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Case Report: The Margin Perfect Matrix – A Predictable Technique for the Fabrication of Direct Composite Veneers


April 2, 2018
by Dr. med. dent. Holger P. Meiser, DDS, MAGD

Abstract
This case report involves a 24-year-old female patient that was not pleased with her existing anterior restorations that were discolored and did not restore the teeth to esthetically pleasing proportions. She was also interested in a “fuller” smile. The patient wanted to achieve these goals in the most conservative way, maximizing the preservation of sound tooth structure. To address the patient’s goals, it was decided to restore her smile with direct composite veneer restorations. The case report describes a very predictable way to manage the application of the composite resin around the gingival margin and in the interproximate areas with a specialized customized matrix.

Introduction
Direct Composite Resin Veneers are one of the most technically and artistically demanding treatment modalities for the dentist. A significant problem is a time efficient and controlled application of the composite resin around the gingival margin and in interproximate areas. Lack of control in this area and time-consuming isolation or retraction techniques lead to unpredictable or in-efficient results. Many times, they are presented as a “lesser” treatment option as compared to porcelain laminate veneers, and treatment decisions are made based on the dentist’s preference, rather than clinical indication. When executed properly, they provide the opportunity to restore a patient’s smile with highly predictable and long-term functioning restorations with high patient and doctor satisfaction. In this article, the author will describe the use of a specialized matrix technique that allows for controlled and efficient application of the composite resin during the fabrication of direct composite resin veneers.

Patient Dental History
The patient had no significant medical history. Her overall health was excellent. In the past, her restorative treatment had included a broad range of dental care. Besides wisdom tooth extractions, this had included an extraction of tooth #46 (#30) due to a failed root canal therapy, as well as root canal therapy #36 (#19) and more recently, crowns on teeth #26, #36 and #47 (#14, #19 and #31), as well as a few smaller direct restorations. Her periodontal health was good, with probing depth mostly ranging between 2-3 mm and only minor scattered bleeding. She had shown signs of generalized gingivitis and had been enrolled in a professional recare protocol, as well as a better oral hygiene home-care protocol to address this. She had been unhappy with the appearance of her front teeth since she was first seen at the authors office but had not been ready to replace the restorations. After a gingivectomy and some osseous recontouring had been performed to address some gingival asymmetries (Fig. 1), she inquired about further options to enhance her smile and address the discolored restorations.

Fig. 1
Pre-op before gingival and osseous recontouring.

Diagnosis and Treatment Planning
After analyzing study models and clinical pictures (Figs. 2-11), a wax-up was created to achieve idealized proportions of the anterior teeth and to build out the buccal corridor. A mold was created of this wax-up and with injectable temporary material, a mock-up simulating the restoration of only the six anterior teeth was created. Next, the mock-up was extended to the premolar areas. Both the clinical situation, as well as pictures, were reviewed with the patient. This gave the patient an ideal preview of the new dimensions of the anterior teeth and the significant improvement of her smile by extending the restorations to the premolars to truly give her the “fuller” smile she was looking for (Fig. 12). The decision was made to treat teeth #14-#24 with direct composite resin veneers to achieve the most esthetic, yet most conservative treatment. A putty matrix was created from the wax-up to aid in the replacement of the lingual enamel and to establish position of the incisal edges on the anterior teeth and buccal cusps on the premolars.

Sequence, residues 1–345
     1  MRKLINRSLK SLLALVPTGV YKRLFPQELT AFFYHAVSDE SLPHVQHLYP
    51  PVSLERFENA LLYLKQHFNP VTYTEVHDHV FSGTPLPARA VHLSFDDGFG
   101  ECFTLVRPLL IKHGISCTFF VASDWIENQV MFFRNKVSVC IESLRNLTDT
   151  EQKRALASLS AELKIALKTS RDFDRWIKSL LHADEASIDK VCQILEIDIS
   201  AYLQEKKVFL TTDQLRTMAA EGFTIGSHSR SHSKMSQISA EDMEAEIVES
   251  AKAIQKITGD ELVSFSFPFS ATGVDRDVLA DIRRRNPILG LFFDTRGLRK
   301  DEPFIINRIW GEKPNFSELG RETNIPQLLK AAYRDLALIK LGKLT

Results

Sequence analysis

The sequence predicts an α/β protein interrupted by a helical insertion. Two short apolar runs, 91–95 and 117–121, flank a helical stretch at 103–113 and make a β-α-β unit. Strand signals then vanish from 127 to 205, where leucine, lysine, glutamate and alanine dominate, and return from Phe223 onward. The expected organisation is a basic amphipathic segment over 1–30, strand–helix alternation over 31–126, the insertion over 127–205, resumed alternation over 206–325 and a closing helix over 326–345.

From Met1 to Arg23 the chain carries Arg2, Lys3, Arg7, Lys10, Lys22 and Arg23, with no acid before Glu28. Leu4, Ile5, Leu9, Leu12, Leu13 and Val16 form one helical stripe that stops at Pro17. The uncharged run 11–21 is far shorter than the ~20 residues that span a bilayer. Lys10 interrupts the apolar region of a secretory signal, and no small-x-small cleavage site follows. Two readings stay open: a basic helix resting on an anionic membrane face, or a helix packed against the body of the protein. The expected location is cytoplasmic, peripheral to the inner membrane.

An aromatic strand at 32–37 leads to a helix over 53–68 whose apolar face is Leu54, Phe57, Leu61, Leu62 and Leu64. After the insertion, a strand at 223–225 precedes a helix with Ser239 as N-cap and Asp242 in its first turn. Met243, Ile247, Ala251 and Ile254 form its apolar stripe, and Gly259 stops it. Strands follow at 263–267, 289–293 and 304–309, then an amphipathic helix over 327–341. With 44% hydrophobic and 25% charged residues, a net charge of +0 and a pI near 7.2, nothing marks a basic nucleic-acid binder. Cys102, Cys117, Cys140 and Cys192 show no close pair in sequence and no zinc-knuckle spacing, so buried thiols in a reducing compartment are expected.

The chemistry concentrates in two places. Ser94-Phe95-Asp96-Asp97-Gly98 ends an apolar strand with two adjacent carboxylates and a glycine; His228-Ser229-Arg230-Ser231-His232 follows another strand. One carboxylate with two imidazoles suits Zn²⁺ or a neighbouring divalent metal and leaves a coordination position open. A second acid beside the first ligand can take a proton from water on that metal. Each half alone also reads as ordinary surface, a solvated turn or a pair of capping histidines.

Fig. 2
Un-retracted smile pre-op frontal view.

Fig. 3
Un-retracted smile pre-op right lateral view.

Fig. 4
Un-retracted smile pre-op left lateral view.

Fig. 5
Retracted pre-op frontal view.

Fig. 6
Retracted pre-op right lateral view.

Fig. 7
Retracted pre-op left lateral view.

Fig. 8
Pre-op frontal view 1:1.

Fig. 9
Pre-op right lateral view 1:1.

Fig. 10
Pre-op left lateral view 1:1.

Fig. 11
Pre-op occlusal view.

Fig. 12
10-unit mock up #14-#24.

Description of Treatment
At the treatment appointment, teeth #14-24 were anesthetized using local infiltration with 4% Septocaine with 1:100,000 epinephrine. The preparations for the veneers were minimally invasive and consisted in removal of the existing composite restoration on teeth #11, #21 and #22 (#8, #9 and #10) and were limited to a roughening of the enamel surface with a fine grid diamond bur (Meisinger) and coarse Soflex discs (3M Oral Health) on the other teeth (Fig. 13).

Following the application of a low-viscosity 37% phosphoric etchant (Scotchbond etchant gel, 3M Oral Health) for 30 seconds, the preparation was rinsed with water for 15 seconds and then air-dried. A filled, light-cure total-etch dental adhesive system (Optibond FL, Kerr) was applied according to the manufacturer’s directions and cured for 10 seconds. Using the putty matrix, a nano-filled composite material in Shade B1E (Filtek Supreme Ultra, 3M Oral Health) was applied to replace the palatal enamel and establish the incisal edge position of tooth #11 (#8) (Fig. 14). Interproximate excess was cleaned up with a #12 surgical blade and diamond finishing strips (Brasseler USA).

A specialized mylar matrix band system, the Margin Perfect Matrix (www.marginperfectmatrix.com) was placed on tooth #21 (#8) and secured with an unfilled bond resin (Heliobond, Ivoclar Vivadent), which was applied to the dried adjacent teeth and soft tissues, then cured with a visible light source (Elipar S10, 3M Oral Health) for 10 seconds to hold it in place (Fig. 15). This created a sealed mold gingivally and interproximately, that allowed for predictable placement of the composite material.

Fig. 13
Composite removal and tooth preparation.

Fig. 14
Palatal shelf created with putty matrix.

Fig. 15
Margin Perfect Matrix secured with Heliobond.